Sharing your data is not mandatory for your observations - we do not access it if you do not choose to share it with us. The data collected by the telescope at each observation is stored in its memory and includes raw data (frames) of the objects observed in Enhanced Vision or during Science Missions, as well as metadata (geolocations, timestamps). All the data collected by our users is gathered in our secure database (server) and allows us to continually improve the observing experience of our users.
- The eVscope storage (also referred to as “eVscope memory”) only fills up when you use Enhanced Vision or Science Observation modes;
- saving pictures of your observations does not fill up the eVscope memory;
- the storage capacity of the eVscope allows for up to 7 hours (for model 1.0) or 35 hours (for model eQuinox) of Enhanced Vision mode. In Science Observation mode, the shorter the exposure time, the more frames it takes, and the faster the memory will fill up;
- even with full memory (100% data storage used), the eVscope will continue operating normally, and you will still be able to save your pictures. However, you will not be able to take part in community events or citizen science campaigns;
- Storage information can be found under the “User” tab of the App;
- Uploaded data help us create a better user experience, improve our app and allow you to take part in scientific discoveries or community events.
While using the Enhanced Vision mode or the Science Observation modes, raw data (frames) of the objects you are observing are automatically saved in your eVscope memory. The eVscope storage information is found when you click on the gear button in the top right corner and then my eVscope (Instrument).
The beautiful pictures that you save during all your observations are not saved on the eVscope but rather on your smartphone, so use your smartphone storage space instead.
In order to free up (reset or empty) the eVscope storage, it is recommended to regularly upload the data to our servers. To do so, follow these simple steps:
While your smartphone (or tablet) is connected to your eVscope, open the App and go to "My eVscope" (this can be done once you have returned to the comfort of your home);
If there is data stored in your eVscope, tap on “UPLOAD”, otherwise the button will be grayed out;
You will then be redirected to a new page where you will be asked to enter your "Wi-Fi information". This can be your home Wi-Fi network or your phone hotspot information depending on which you want to use for the upload.
The SSID is the name of your network - it is case sensitive
It is possible to use the same device you used to connect to the eVscope to upload the data, although it is usually easier to use a different device
After clicking on "Validate", the eVscope LED will turn from the usual red color to blinking bright yellow - this means that the eVscope is trying to connect to your selected network. At that point, your device will no longer be connected to the eVscope and information like its name or storage usage will no longer be accessible by the app. The LED will blink in a regular pattern:
The eVscope LED will then either:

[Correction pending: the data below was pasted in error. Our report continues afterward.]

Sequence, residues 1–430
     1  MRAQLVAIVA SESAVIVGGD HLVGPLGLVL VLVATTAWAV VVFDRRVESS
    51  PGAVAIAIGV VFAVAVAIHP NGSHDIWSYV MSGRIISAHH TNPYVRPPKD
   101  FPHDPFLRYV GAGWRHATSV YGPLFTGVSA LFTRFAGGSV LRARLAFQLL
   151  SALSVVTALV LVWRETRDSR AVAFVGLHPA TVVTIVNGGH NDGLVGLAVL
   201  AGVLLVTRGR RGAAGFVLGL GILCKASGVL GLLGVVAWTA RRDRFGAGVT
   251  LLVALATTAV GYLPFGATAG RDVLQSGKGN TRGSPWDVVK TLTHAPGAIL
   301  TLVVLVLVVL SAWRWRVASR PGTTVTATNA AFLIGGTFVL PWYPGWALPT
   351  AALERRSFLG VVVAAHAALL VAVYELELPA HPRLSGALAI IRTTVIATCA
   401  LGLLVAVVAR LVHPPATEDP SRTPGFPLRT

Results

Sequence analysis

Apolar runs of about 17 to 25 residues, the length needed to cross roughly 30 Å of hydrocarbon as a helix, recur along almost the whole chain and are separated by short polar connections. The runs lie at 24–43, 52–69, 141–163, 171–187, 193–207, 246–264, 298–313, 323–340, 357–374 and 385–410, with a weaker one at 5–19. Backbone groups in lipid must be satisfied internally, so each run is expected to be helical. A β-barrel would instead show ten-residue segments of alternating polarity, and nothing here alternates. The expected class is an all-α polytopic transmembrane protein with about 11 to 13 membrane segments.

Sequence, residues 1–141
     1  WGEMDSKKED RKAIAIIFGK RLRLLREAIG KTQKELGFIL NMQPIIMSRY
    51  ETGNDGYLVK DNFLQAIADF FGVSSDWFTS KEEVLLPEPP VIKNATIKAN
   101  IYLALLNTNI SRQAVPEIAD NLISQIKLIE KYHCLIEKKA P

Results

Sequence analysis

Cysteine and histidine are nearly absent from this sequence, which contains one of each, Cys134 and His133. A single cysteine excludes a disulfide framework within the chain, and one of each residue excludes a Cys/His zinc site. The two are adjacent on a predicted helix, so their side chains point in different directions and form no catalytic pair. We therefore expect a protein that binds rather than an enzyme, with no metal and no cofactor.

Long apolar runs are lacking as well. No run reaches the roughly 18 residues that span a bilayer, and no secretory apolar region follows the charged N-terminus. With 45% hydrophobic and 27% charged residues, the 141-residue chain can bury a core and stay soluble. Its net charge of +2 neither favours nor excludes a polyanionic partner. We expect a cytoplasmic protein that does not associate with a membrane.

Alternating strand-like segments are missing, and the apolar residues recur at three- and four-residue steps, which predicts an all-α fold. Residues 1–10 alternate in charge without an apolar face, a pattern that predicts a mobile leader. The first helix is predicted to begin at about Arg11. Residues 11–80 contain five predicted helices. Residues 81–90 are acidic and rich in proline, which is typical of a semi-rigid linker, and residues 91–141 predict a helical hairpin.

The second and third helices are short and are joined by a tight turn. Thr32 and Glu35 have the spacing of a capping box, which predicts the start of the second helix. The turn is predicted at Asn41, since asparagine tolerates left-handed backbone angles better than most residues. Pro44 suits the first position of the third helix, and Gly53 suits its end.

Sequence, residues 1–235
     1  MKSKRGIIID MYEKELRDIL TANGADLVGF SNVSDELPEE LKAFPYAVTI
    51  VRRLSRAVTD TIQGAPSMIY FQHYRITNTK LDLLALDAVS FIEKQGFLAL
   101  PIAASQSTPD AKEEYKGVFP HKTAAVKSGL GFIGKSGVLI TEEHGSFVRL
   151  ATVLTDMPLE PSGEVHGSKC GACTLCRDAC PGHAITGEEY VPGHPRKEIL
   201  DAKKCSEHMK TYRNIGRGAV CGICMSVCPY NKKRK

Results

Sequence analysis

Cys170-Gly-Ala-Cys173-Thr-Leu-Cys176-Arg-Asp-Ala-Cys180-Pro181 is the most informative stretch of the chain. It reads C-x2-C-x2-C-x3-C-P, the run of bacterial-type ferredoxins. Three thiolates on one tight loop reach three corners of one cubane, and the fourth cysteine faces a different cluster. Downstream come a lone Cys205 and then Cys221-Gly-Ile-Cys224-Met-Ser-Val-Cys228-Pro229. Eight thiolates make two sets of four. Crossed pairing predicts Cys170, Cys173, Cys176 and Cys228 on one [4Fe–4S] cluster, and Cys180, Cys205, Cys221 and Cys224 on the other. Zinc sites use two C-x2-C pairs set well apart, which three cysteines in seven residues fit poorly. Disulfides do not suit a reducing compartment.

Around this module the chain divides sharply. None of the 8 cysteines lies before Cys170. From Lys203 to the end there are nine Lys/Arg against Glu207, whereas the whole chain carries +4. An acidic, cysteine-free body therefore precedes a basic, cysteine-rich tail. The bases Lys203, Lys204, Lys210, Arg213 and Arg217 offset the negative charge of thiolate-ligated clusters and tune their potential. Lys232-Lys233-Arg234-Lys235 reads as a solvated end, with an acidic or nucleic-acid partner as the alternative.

turn green (here it looks like orange) and blink rapidly between 1 and 5 times and then stay solid green for 1 minute if the upload succeeds. The number of blinks indicates how much data there is to transfer, the higher the number of blinks the more data there is.
or turn solid orange for 1 minute, which means an error occurred.
8 times out of 10 it will be a typo in the network name (SSID) or the password, but other factors may be causing this: maximum number of allowed devices on the network reached, MAC address filtering in place, or Wi-Fi channel incompatibility. For that last issue, restarting your router/device's Wi-Fi connection will solve the issue. For the other two issues, you will need to connect to your home Wi-Fi network with another device to enable more devices or add the eVscope MAC address to the list.
To clarify the blinking progress :
Blink 5 times 81% - 100% left to upload meaning our progress is between 0% and 20%
Blink 4 times 61% - 80% left to upload meaning our progress is between 21% and 40%
Blink 3 times 41% - 60% left to upload meaning our progress is between 41% and 60%
Blink 2 times 21% - 40% left to upload meaning our progress is between 61% and 80%
Blink 1 time 1% - 20% left to upload meaning our progress is between 81% and 100%
Optional step: to check if everything went smoothly, reconnect your phone to the eVscope. Go back to the User tab of the App. After a few minutes, the amount of data in the storage section should indicate “Storage: 0% used”. The transfer was a success. Sometimes, it can show 1%, and it's OK as well (the telescope kept its dark frames).
Tip 1: regular users usually go through this process at the end of each night of observation or, at the very least, every time their eVscope data storage approaches 20%. This guarantees they are ready whenever they want to participate in citizen science campaigns or community-based observation events.
Tip 2: starting the upload process just before going to bed and leaving your eVscope on during the night should allow the data transfer to get completed overnight. Please note that this is not a software issue and there is no other way to empty your data. Again, sharing your data is not mandatory for your observations - we do not access it if you do not choose to share it with us.
Tip 3: it is possible to get raw data (TIFF, FITS, or PNG) after you have uploaded your observations, a feature "work in progress". Please contact our customer support for guidance.
Please note that only observations made within the last 30 days are kept on our servers due to storage limitations. We therefore recommend that you request your data within 30 days of your observations.